The share of all-electric passenger cars and plug-in hybrids has reached a record high in Europe – due to Corona. Almost every tenth new car registered in the EU in the third quarter was electric to an extent.
The data comes from the European manufacturers’ association ACEA. They claim that exactly 273,809 plug-in passenger cars were newly registered in the EU in the third quarter. This means that almost every tenth new car registered in the EU between July and September was a BEV or PHEV (9.9%). Both segments took almost equal shares, and for once a sector benefitted from the ongoing Covid-19 crisis.
“This strong growth is mainly due to the introduction of incentives by national governments, seeking to boost demand in response to the corona crisis, which has been largely to the benefit of buyers of battery and plug-in electric cars,” explains ACEA.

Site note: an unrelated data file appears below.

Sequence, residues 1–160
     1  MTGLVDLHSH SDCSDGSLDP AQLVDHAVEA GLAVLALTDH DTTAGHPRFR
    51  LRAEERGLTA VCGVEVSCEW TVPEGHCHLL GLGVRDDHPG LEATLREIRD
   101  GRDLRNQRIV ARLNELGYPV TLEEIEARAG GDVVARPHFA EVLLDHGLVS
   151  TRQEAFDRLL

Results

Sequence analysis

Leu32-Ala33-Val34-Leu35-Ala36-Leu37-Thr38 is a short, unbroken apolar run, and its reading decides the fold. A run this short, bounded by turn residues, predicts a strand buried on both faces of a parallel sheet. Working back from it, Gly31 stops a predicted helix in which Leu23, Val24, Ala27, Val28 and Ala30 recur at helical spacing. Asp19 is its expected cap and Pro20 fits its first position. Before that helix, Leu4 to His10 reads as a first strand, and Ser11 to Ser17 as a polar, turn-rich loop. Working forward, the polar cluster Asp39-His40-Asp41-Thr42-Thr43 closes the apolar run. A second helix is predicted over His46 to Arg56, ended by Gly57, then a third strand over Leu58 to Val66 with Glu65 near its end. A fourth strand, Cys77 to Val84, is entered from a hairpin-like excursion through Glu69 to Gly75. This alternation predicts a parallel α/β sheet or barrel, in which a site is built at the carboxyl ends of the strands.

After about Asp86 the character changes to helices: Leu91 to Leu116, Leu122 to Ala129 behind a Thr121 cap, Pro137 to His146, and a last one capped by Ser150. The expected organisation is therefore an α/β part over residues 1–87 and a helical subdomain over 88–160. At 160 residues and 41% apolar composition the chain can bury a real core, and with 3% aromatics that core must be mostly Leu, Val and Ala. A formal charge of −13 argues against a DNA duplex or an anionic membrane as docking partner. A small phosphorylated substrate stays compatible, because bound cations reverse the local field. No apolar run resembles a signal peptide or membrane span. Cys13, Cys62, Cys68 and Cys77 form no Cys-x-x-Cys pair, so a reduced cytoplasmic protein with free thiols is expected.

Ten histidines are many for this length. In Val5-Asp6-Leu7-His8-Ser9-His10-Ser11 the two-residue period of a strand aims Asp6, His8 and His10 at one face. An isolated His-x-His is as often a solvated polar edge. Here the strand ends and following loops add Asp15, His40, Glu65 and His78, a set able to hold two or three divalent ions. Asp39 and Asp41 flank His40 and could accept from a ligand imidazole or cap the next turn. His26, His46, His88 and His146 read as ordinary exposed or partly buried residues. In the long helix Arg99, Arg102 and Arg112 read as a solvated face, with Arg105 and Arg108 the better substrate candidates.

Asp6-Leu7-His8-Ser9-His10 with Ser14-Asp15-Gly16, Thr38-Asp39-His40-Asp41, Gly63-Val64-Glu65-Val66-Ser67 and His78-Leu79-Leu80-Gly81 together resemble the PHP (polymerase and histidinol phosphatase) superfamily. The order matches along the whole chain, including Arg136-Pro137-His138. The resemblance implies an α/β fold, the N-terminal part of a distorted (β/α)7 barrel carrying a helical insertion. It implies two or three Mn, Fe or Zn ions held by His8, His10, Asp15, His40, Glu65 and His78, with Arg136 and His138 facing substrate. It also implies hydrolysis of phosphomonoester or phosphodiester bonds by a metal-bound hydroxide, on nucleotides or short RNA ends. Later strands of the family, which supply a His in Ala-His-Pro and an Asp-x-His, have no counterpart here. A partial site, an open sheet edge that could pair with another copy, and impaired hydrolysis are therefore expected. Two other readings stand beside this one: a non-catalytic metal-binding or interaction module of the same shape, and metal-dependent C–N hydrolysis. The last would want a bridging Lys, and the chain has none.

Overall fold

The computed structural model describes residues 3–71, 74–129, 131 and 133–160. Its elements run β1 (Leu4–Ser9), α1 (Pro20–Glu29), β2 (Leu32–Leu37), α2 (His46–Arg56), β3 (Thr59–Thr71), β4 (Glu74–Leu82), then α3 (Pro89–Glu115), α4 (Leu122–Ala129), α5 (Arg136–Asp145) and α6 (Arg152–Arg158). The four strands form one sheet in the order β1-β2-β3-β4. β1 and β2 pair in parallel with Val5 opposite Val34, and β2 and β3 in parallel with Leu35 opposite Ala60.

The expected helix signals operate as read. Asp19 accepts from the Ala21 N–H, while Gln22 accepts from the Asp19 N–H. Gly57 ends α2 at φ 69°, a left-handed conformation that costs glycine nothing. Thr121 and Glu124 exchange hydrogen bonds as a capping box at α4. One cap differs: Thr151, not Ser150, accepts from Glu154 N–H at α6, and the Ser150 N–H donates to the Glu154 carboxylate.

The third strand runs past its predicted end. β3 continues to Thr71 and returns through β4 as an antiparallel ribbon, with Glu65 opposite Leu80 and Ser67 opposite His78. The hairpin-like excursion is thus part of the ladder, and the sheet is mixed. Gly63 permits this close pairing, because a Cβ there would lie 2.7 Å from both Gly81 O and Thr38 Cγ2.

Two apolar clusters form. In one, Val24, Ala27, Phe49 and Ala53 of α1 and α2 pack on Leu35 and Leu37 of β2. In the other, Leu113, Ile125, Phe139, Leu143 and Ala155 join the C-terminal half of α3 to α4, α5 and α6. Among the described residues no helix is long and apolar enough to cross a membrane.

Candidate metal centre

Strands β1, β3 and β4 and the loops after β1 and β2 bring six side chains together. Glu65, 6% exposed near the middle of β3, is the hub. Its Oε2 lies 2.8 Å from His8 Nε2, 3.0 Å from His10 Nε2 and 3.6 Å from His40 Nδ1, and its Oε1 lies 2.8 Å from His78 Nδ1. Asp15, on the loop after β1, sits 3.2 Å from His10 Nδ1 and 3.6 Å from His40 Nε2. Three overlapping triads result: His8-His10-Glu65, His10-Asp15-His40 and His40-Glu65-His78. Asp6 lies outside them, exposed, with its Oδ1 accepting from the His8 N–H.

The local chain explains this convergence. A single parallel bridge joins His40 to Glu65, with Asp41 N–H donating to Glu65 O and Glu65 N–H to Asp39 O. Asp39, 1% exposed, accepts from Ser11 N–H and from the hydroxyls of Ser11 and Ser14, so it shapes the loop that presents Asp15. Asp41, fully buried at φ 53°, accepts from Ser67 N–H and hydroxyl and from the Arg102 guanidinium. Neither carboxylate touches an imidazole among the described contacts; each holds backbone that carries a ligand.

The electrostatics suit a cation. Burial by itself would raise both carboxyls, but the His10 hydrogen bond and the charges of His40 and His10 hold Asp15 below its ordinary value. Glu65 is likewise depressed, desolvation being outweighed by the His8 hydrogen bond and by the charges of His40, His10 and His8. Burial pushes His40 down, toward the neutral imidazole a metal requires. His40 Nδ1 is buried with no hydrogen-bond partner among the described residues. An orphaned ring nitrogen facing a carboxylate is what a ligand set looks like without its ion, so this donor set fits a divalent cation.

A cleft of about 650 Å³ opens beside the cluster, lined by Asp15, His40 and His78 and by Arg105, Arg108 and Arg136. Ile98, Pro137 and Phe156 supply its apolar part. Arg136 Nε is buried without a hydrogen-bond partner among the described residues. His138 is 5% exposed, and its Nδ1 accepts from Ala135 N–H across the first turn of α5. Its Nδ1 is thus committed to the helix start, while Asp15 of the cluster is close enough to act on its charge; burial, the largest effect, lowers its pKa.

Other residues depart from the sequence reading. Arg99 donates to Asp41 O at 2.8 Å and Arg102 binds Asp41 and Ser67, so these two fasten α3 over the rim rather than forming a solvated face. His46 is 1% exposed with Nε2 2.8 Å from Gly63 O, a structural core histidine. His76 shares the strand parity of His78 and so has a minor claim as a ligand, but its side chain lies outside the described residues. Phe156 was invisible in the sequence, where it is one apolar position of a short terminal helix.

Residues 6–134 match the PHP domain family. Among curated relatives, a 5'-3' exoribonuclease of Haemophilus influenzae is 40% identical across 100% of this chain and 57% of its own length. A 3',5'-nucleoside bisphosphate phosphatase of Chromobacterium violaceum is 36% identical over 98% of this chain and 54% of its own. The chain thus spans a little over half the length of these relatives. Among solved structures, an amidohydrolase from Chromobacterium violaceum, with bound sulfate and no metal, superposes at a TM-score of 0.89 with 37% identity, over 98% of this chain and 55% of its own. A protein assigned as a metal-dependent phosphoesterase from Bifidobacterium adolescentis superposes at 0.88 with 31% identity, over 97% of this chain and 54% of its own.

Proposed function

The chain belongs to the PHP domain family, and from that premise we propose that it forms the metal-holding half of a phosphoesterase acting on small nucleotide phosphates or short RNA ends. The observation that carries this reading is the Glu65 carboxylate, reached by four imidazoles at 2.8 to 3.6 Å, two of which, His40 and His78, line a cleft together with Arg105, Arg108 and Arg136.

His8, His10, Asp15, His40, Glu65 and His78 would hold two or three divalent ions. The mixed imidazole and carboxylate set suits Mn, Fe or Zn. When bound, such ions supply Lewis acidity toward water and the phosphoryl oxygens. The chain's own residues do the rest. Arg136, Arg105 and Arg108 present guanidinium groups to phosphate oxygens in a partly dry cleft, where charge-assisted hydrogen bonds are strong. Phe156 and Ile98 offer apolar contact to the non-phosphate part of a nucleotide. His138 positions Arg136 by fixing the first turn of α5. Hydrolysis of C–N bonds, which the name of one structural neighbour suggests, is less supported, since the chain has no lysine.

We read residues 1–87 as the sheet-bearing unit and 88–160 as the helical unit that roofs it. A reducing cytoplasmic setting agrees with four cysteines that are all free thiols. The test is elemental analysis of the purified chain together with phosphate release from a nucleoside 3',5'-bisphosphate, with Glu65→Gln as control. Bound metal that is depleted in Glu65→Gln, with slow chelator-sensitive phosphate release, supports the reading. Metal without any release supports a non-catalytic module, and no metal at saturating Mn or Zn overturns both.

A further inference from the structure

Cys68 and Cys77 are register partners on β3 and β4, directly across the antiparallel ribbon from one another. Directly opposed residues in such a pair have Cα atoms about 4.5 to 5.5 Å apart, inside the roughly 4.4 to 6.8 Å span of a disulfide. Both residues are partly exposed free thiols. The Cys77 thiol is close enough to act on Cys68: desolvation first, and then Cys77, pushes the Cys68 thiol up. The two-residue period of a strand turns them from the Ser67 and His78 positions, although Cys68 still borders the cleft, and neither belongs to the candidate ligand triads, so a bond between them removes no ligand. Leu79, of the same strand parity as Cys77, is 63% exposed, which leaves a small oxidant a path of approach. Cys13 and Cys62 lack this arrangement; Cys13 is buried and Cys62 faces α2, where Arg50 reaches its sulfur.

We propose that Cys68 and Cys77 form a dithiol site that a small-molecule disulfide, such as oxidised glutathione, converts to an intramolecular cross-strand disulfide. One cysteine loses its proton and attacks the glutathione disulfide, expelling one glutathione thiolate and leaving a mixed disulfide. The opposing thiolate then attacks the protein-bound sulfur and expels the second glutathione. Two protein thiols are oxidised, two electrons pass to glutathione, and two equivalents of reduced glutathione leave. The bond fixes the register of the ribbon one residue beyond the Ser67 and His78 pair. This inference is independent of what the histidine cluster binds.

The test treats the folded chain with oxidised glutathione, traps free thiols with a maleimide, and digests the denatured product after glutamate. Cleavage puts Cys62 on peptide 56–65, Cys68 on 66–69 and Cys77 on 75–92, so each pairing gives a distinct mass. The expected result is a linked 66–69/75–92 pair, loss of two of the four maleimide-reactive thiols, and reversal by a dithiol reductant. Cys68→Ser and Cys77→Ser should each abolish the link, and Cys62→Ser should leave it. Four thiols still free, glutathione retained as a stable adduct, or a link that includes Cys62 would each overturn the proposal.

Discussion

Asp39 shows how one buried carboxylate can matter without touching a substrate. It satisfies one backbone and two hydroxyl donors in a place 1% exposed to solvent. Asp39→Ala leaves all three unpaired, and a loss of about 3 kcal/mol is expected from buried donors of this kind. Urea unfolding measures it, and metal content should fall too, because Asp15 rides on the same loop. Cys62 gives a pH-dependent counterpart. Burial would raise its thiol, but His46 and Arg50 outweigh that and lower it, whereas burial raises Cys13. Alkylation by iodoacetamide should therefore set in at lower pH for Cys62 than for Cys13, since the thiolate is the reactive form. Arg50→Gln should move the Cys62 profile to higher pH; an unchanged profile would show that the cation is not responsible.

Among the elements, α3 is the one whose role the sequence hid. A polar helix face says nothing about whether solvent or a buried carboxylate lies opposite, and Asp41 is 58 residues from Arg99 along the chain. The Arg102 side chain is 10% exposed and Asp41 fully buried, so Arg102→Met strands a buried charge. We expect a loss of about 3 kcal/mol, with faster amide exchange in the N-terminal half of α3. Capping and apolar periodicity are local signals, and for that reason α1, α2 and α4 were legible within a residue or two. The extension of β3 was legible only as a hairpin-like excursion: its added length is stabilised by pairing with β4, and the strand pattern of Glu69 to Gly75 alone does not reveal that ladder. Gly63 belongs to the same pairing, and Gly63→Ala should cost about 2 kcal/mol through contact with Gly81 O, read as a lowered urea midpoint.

Demand for plug-in hybrids boomed in particular during the third quarter, going from 29,557 units last year to 138,348 new cars sold in 2020 (+368.1%). Both France and Germany recorded percentage increases of over 400% each, claims ACEA.
At the same time, growth in registrations of battery-electric vehicles was also strong across the European Union, totalling 135,461 units over the three-month period. An increase of +132.3% over the same period last year means demand is rising and stable.
Adding to this count the simple hybrid cars (HEV), which remained the bestselling alternatively-powered vehicle type in the EU, all electrified vehicles combined represented almost 25% of the EU car market from July to September 2020, with sales doubling (+101.4%) from 337,108 units last year to 678,777 this year. In total, 341,092 hybrid electric cars were sold from July to September 2020, representing 12.4% of the EU car market.
ACEA also identified four major markets. Germany (+159.8%) and France (+144.1%) posted the biggest increases, mainly driven by the above mentioned solid sales of plug-in hybrids, followed by Italy (+60.3%) and Spain (+51.6%).
For the remaining cars powered by internal combustion engines, they lost some further ground during the third quarter, with their overall market share going down from 88.6% in July-September 2019 to 75.4% this year. Diesel cars accounted for 27.8% of total passenger car sales in the European Union, with registrations falling by 13.7% to 766,146 units.